Tuesday, November 8, 2011
Noumea is the largest city in and capital of New Caledonia, lying on the main island of Grande Terre. One of the most westernised capitals in the Pacific Islands, it features beautiful beaches and colonial mansions and is not yet a heavily tourist destination. Where metropolitan French will hear a bad French accent, wince and say that they speak English, the Francophones of New Caledonia are either less willing or less able to accommodate Anglophones. It is probably a matter of capability, since they are marvellously willing to persevere in determining what it is that a foreigner needs. Without tourist-level French, you may find yourself lost--but it's a lovely place to be lost! The French spoken by Kanaks is much harder to understand than the French of people in Paris: on a par with Breton French (or think of the challenge offered by broad Scots or Yorkshire for a naive English-speaker). Noumea is the capital and vacation centre of the Islands of New Caledonia in the South Pacific. Noumea is a "French" city, but the 91,000 inhabitants are a very mixed cultural group with French, Melanesian, Polynesian, Indonesian, Vietnamese, and lots of mixtures of these. Over 60% of the population of New Caledonia lives in Noumea. Noumea is a peninsula on the southwestern end of Grande Terre and the central business district (Centre Ville) is next to one of the best natural harbours in the South Pacific. The lagoon side of the peninsula has two picturesque bays with white sand beaches and is called Anse Vata and Baie des Citrons. These twin bays are the international tourism capital of New Caledonia with hotels, restaurants and bars on the landward side of "La Promenade". First settled by the French in 1854, Noumea retains close political ties with France. It has excellent schools and public facilities - parks, recreation areas, exercise paths, schools and medical facilities. Today it is the fastest growing city in the South Pacific. There are 23 hotels in Noumea ranging from one to five stars and over 100 Restaurants.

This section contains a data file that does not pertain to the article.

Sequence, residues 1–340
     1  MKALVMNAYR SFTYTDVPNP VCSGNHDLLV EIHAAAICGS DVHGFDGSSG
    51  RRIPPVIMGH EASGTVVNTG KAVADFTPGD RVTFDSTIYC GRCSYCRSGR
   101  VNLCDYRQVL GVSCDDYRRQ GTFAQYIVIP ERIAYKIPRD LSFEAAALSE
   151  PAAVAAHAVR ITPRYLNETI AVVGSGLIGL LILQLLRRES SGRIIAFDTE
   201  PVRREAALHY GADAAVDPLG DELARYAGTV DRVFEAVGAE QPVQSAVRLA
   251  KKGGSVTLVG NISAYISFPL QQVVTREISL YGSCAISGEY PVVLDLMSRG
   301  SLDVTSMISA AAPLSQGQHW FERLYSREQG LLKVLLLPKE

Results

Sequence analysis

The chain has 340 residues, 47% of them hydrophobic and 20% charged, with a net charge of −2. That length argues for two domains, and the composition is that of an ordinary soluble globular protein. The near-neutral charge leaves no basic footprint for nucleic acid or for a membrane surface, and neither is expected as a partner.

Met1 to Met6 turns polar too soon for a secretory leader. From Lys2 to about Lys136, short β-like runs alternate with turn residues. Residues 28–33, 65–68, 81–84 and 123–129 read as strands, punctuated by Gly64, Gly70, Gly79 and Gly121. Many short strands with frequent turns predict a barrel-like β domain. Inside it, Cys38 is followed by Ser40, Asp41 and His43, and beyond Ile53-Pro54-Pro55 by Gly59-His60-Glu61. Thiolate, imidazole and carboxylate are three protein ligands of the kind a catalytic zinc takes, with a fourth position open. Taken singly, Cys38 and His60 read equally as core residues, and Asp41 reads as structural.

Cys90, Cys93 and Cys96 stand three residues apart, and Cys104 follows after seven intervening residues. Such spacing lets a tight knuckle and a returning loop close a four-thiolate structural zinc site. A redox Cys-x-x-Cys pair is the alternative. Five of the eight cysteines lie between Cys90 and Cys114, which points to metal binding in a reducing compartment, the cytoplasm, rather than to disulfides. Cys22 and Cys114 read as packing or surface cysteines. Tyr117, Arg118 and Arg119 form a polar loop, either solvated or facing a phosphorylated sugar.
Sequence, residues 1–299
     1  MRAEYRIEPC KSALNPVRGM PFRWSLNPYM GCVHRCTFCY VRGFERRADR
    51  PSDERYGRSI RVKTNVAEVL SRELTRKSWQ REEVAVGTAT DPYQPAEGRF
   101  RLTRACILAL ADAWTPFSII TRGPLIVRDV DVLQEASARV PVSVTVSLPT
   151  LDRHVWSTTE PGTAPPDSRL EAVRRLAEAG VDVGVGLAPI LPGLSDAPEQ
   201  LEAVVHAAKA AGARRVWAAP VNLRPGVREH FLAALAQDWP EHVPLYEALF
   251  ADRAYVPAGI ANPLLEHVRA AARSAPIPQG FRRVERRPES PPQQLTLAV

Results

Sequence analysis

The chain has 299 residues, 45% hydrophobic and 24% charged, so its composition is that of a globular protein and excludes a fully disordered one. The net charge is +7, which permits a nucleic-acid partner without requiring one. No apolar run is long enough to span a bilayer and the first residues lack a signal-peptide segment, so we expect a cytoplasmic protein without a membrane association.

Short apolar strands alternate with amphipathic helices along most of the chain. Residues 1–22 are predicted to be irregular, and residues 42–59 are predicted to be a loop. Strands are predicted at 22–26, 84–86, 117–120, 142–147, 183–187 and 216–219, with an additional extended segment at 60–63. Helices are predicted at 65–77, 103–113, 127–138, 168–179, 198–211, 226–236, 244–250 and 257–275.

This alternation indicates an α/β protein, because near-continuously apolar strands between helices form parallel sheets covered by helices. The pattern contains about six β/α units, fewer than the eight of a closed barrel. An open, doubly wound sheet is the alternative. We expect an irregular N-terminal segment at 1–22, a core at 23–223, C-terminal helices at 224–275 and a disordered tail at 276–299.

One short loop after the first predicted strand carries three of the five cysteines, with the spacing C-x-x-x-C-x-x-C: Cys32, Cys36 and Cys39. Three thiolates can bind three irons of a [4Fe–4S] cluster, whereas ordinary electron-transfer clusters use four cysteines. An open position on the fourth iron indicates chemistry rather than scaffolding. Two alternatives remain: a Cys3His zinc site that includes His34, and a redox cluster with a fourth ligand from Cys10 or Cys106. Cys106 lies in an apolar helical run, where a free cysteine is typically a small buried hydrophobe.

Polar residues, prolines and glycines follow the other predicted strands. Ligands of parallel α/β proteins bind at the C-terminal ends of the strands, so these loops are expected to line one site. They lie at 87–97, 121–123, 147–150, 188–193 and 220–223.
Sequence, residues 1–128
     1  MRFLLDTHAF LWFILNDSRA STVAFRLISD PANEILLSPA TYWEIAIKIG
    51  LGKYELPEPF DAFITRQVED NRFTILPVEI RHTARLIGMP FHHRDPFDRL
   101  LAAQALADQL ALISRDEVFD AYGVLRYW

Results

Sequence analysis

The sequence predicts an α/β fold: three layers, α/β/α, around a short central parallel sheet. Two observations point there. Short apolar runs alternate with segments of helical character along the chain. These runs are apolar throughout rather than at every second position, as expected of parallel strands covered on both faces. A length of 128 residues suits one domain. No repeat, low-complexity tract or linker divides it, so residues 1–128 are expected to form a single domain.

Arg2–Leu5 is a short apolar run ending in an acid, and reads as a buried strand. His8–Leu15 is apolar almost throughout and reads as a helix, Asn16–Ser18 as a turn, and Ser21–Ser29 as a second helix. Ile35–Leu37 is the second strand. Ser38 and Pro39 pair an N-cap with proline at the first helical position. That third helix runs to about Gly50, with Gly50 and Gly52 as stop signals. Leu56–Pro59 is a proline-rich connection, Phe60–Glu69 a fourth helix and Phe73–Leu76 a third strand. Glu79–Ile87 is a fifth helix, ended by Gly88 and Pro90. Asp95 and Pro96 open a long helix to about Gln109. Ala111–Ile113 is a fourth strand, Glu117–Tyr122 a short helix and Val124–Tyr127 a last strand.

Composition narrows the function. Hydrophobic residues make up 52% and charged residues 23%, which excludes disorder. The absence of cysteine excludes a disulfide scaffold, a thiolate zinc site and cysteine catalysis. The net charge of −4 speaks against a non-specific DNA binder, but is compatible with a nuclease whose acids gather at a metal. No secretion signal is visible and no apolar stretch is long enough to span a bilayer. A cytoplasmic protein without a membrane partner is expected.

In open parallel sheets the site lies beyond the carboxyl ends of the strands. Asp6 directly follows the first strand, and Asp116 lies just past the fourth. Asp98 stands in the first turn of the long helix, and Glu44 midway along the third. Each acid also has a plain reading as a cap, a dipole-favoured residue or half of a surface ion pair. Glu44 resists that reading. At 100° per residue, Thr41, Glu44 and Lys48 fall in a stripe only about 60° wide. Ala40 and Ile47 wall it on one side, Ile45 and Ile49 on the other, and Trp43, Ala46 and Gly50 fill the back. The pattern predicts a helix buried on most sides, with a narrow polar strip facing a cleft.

The stamps (issued in January 2002) in this very attractive miniature sheet portray a part of the wondrous marine life in the Caledonian seas. These turtles can also be seen in the Noumea Aquarium.